By Mike McQuaide, Sustainable Newton Board Member
Here's a little good news to share... I recently had an arborist come out to our home in Oxford to check on our sickly elm tree to see if it could be saved. Thankfully, it can be.
But, that’s only part of the good news. When the arborist finished diagnosing the elm, he walked around to our large front yard and mentioned the space “would be perfect for some trees.” He volunteered that Emory University had not been able to meet its goals for no net loss of trees on property owned by the university. And, as a result, Emory was looking for nearby property owners interested in having trees planted on their property for free.
Both the trees and the planting are courtesy of Emory. The university had expanded the area on which it plants to compensate for trees lost elsewhere on Emory property. So, my wife and I will have two new oak trees native to Georgia planted in our front yard free of charge. The program is closed now, since enough people have now volunteered to have trees planted on their property. But, I have say "way to go Emory" as we continue to create practices to address global climate change.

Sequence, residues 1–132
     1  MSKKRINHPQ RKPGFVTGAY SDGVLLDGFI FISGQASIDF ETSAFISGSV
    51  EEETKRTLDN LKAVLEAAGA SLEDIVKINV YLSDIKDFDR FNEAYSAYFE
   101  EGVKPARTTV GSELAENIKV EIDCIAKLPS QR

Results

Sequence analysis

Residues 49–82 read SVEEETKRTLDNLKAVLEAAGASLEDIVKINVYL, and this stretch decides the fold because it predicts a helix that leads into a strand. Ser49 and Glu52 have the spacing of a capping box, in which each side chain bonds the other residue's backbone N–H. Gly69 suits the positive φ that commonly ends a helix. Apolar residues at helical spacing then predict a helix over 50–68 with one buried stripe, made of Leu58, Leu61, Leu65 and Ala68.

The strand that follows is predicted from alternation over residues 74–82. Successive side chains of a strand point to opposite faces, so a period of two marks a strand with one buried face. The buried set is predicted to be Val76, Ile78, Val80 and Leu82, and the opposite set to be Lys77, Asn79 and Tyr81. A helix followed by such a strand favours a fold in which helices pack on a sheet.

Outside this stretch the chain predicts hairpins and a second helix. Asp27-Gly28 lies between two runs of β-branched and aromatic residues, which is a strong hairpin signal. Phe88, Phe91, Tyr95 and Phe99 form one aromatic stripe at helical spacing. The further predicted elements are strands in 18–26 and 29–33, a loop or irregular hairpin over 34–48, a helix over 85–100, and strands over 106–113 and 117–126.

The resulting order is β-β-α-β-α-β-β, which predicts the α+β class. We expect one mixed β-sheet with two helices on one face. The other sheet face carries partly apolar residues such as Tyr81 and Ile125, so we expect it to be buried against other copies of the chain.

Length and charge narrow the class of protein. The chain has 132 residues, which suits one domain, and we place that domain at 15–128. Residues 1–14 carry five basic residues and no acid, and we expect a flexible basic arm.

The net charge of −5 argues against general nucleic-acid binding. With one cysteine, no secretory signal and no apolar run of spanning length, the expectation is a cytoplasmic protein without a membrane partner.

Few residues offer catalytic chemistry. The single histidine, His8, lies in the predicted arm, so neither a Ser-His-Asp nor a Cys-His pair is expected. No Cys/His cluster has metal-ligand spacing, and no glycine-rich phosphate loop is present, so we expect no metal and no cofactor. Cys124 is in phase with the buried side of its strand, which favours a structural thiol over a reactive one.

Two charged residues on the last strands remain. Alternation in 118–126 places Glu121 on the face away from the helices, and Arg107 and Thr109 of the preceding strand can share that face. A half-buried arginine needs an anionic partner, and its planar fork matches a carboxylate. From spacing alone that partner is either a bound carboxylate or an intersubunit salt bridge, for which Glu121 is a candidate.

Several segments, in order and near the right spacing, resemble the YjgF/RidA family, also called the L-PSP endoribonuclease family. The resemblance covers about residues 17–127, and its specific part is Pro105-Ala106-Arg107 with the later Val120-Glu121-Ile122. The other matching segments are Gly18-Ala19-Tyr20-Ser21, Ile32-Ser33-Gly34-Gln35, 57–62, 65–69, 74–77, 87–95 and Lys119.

I was pleased to learn our sickly elm needed only a little "hair cut" to restore its vitality. I’ve had a special relationship with trees since I was a boy. We know the environmental benefits of tree cover, but I’ve long appreciated trees in a more sentimental fashion that goes beyond the science of the matter. As a young boy, my mother’s father took me on long hikes in the Pennsylvania forest near his home. His narration about the importance of trees is with me to this day. He taught me to identify the different bird songs in the leaves overhead, how to locate wild bee hives in the high branches, and how much cooler it was in the shade than in the direct sun. Thanks, granddad.
Preserving existing trees and planting new ones are steps anyone can take to address climate change and reduce heat islands in our cities. Sustainable Newton is pleased the non-profit One Tree Planted will plant a tree for each attendee at our November 21 "24 Hours of Reality - Truth in Action" presentation -- and each of the other 1,000+ sessions worldwide that day.